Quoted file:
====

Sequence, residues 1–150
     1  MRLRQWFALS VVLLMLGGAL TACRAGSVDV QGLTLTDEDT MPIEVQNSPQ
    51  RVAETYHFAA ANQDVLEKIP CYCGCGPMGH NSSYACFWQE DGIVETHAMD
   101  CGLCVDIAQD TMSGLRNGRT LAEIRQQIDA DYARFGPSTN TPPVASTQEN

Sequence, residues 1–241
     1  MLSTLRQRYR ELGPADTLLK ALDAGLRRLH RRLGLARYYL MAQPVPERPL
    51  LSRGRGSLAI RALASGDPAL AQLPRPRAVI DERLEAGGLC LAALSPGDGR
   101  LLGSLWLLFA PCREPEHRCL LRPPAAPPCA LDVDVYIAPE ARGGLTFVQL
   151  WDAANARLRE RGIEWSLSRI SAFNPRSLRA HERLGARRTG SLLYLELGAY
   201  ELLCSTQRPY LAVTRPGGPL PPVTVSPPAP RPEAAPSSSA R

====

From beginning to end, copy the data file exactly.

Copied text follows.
Sequence, residues 1–150
     1  MRLRQWFALS VVLLMLGGAL TACRAGSVDV QGLTLTDEDT MPIEVQNSPQ
    51  RVAETYHFAA ANQDVLEKIP CYCGCGPMGH NSSYACFWQE DGIVETHAMD
   101  CGLCVDIAQD TMSGLRNGRT LAEIRQQIDA DYARFGPSTN TPPVASTQEN

Sequence, residues 1–241
     1  MLSTLRQRYR ELGPADTLLK ALDAGLRRLH RRLGLARYYL MAQPVPERPL
    51  LSRGRGSLAI RALASGDPAL AQLPRPRAVI DERLEAGGLC LAALSPGDGR
   101  LLGSLWLLFA PCREPEHRCL LRPPAAPPCA LDVDVYIAPE ARGGLTFVQL
   151  WDAANARLRE RGIEWSLSRI SAFNPRSLRA HERLGARRTG SLLYLELGAY
   201  ELLCSTQRPY LAVTRPGGPL PPVTVSPPAP RPEAAPSSSA R